If you need to travel to attend a private session the Royal Commission may in some circumstances be able to arrange and pay for the cost of travel and accommodation for you and your support person. The Commission is currently responding to such requests on a case by case basis and is in the process of working out how to address such requests fairly and consistently as the inquiry goes on. 

Your information will help the Commissioner/s develop an understanding of the issues; identify problems; understand more about the systemic issues impacting defence members and veterans; and gather information and ideas for change

Nothing will be published which reveals your identity and nothing you say can be referred to in any subsequent hearings or in the Commission’s reports.

A short narrative may be composed about what you have described but it will be written in a way that cannot identify you. The Commissioners may use narratives to illustrate issues in their reports. 

It is recommended that you arrive at least 15 minutes before a face to face private session. The session is scheduled to take between one and two hours. It is then recommended that you spend up to one further hour if you need to debrief as talking about these important issues may upset you. 

Your Session Support Officer will greet you when you arrive at your private session if you are meeting face to face or will ensure that your connection is ready for your video link or phone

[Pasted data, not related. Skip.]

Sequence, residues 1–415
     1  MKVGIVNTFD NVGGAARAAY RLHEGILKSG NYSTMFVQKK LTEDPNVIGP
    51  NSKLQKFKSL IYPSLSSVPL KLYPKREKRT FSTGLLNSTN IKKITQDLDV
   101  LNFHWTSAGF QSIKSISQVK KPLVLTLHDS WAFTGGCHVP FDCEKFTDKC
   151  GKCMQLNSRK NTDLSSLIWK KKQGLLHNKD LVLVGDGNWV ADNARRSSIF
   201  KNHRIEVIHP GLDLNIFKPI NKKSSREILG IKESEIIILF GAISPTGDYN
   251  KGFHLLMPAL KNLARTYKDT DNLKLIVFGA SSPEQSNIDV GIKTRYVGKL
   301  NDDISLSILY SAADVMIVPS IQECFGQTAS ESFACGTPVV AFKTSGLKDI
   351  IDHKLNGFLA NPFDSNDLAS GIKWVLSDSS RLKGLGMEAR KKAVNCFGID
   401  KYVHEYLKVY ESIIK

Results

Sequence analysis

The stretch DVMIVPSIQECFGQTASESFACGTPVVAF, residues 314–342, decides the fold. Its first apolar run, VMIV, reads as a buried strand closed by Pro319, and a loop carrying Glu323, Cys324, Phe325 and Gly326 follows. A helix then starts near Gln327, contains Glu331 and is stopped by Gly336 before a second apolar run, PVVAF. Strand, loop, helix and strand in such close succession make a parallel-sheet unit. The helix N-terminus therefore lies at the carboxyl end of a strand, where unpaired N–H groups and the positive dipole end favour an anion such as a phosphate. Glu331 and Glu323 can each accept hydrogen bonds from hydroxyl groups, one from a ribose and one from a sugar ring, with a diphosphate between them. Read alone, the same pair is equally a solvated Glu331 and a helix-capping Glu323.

If you have brought a support person with you they can wait in a room close by or come into the session with you. It is your choice

The private session will be attended by the Commissioner/s, the Session Support Officer, you and if you choose, your support person

You will be introduced to the Commissioner/s who will explain the process for the session. You will then be invited to share your experiences

The Session will be recorded. You will not be asked to take an oath. 

You can bring a written statement or other documents to the session which you are welcome to hand over.

The Commissioner/s may ask you some questions to help them understand the circumstances of your experience and any suggestions for change that you may have. 

Immediately after your session with the Commissioner/s, the Sessions Support Officer will spend time with you to help you debrief before you leave the building or end the call. It is important that you are feeling ok as you may have talked about things in the session that have upset you.

You may need to spend up to an hour after the session before you feel ready to leave the building or end the call.

The Session Support Officer will contact you in the days following your private session to check in with you and the Commissioner will write to you acknowledging your contribution to the Commission. 

Other than in very limited circumstances the information you provide for a private session that identifies you remains confidential, even after the Royal Commission has ended. It cannot be subpoenaed or disclosed under freedom of information legislation. Information you provide in a private session cannot be used in evidence against you in civil or criminal proceedings. It will be kept in the National Archives and only made publicly accessible after 99 years.

We can disclose information you provide for a private session that identifies you in limited circumstances including if your information relates to an Australian law being broken.

If you are concerned about the confidentiality of the information provided for your private session please seek legal advice.